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MU Chancellor R. Bowen Loftin to step down at end of this year

University of Missouri Chancellor R. Bowen Lofting announced Monday that he will transition into research starting Jan. 1. Earlier Monday, Tim Wolfe, the president of the university system, resigned from his position.
University of Missouri Chancellor R. Bowen Lofting announced Monday that he will transition into research starting Jan. 1. Earlier Monday, Tim Wolfe, the president of the university system, resigned from his position. along@kcstar.com

R. Bowen Loftin announced late Monday that he will step down at the end of this year as chancellor of the University of Missouri’s Columbia campus.

Loftin will move to a role coordinating research on the campus.

The announcement came hours after University of Missouri System president Tim Wolfe resigned.

Loftin’s departure followed a report in the Columbia Tribune that the deans of nine different MU departments have requested his dismissal.

The Tribune reported Monday afternoon that the deans sent a letter to the Board of Curators saying they wanted to express “our deep concern about the multitude of crises on our flagship campus.” The letter called for Loftin’s dismissal.

The nine deans met on Oct. 9 and on Oct. 13 met with Wolfe, Loftin and Provost Garnett Stokes to express their concerns, according to the letter.

“The issues we raised in those meetings have continued to deteriorate into a campus crisis that demands immediate and decisive action,” they wrote. “It is the Chancellor’s responsibility as the Chief Executive Officer of the campus to effectively address these campus issues.”

Loftin, the former president of Texas A&M University, has been chancellor at MU since February 2014.

The letter is signed by Daniel Clay, dean of the College of Education; Kristofer Hagglund, dean of the School of Health Professions; David Kurpius, dean of the School of Journalism; Judith Miller, dean of the Sinclair School of Nursing; Gary Myers, dean of the School of Law; Neil Olson, dean of the School of Veterinary Medicine; Michael O’Brien, dean of the College of Arts and Science; Thomas Payne, dean of the College of Agriculture, Food and Natural Resources; and Barton Wechsler, dean of the Truman School of Public Affairs.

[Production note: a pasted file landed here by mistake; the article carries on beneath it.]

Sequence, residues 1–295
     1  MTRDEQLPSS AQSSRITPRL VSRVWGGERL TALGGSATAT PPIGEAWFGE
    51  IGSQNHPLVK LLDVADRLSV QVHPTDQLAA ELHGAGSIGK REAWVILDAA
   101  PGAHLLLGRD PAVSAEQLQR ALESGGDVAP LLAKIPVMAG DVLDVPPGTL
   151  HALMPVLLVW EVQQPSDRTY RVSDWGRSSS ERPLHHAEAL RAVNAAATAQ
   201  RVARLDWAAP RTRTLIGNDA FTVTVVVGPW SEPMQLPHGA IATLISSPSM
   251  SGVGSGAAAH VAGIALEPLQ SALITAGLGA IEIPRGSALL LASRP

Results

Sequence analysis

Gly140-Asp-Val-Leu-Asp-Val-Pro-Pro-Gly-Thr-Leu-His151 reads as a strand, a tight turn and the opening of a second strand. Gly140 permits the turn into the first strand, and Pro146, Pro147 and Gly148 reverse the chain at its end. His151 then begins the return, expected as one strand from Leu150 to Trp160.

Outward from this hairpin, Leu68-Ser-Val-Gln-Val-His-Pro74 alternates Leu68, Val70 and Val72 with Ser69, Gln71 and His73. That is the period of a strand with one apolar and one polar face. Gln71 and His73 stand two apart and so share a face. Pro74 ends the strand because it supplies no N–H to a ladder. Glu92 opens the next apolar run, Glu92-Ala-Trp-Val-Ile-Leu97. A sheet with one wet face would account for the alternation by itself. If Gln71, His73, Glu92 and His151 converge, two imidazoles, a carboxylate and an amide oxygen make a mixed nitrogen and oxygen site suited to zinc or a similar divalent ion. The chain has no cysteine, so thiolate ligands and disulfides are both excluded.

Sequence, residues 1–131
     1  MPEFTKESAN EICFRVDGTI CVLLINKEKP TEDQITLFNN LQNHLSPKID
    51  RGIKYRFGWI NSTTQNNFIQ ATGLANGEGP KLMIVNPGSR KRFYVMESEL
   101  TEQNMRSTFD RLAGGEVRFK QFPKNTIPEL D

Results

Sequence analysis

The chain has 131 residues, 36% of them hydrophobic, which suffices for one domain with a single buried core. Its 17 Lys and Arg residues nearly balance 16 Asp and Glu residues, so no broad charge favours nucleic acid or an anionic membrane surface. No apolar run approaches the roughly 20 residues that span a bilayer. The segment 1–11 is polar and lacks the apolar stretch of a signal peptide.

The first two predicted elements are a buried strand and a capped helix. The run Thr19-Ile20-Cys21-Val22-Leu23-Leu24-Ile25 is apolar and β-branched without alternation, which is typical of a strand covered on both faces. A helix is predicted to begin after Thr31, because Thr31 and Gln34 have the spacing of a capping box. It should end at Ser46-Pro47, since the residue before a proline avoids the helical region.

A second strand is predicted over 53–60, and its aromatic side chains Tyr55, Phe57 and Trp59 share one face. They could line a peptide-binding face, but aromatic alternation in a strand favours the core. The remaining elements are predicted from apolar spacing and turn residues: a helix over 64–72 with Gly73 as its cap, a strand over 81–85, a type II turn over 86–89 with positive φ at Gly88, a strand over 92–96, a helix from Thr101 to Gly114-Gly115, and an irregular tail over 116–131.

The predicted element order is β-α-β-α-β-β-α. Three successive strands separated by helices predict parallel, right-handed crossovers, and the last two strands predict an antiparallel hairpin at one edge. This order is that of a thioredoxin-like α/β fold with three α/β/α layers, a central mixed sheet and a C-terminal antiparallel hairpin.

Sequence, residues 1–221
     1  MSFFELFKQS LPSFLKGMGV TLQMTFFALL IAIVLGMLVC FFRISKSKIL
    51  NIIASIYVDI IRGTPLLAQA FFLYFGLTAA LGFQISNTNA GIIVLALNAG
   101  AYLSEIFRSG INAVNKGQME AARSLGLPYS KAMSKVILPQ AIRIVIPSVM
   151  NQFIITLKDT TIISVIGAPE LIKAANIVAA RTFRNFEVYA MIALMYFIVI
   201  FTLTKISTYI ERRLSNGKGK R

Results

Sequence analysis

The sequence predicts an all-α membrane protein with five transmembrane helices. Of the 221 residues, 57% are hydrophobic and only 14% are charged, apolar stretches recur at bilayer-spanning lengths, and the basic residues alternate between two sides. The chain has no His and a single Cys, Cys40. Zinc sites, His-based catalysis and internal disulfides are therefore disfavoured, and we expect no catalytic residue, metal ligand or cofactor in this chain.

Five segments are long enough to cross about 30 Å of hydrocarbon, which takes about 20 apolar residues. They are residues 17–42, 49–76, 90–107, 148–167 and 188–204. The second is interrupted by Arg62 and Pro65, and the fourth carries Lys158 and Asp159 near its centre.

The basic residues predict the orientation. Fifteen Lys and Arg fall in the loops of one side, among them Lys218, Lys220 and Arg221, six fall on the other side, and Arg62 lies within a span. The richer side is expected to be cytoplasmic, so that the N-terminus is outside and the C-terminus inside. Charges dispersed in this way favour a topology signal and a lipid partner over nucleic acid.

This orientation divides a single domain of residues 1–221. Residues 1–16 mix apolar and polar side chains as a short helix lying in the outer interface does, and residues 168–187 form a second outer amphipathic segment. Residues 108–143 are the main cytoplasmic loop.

The deans said Loftin has shown failed leadership through a number of instances, including the elimination and eventual reinstatement of graduate assistant health insurance and the elimination of the vice chancellor for health sciences position. The deans claim Loftin created a “toxic environment through threat, fear and intimidation.”

The letters come less than a week after Department of English faculty members set a letter to Wolfe and the Curators with a similar vote of no confidence in Loftin. The English faculty cast 26 votes of no confidence, zero votes of confidence and two abstentions. The English Department was the first to publicly call for Loftin’s dismissal.

Sam Cohen, an associate professor with the English Department, said the faculty members hoped their letter would encourage other departments to voice their opinions.

Diversity initiatives

The Board of Curators announced a series of measures to be implemented over the next 90 days to address the racial climate on all four campuses. Among the steps:

▪  The appointment of a Chief Diversity, Inclusion and Equity Officer.

▪  A full review of policies relating to staff and student conduct.

▪  Additional support for students, faculty and staff who have experienced “discrimination and disparate treatment.”

▪ Additional support will be provided for the hiring and retention of a diverse faculty and staff.

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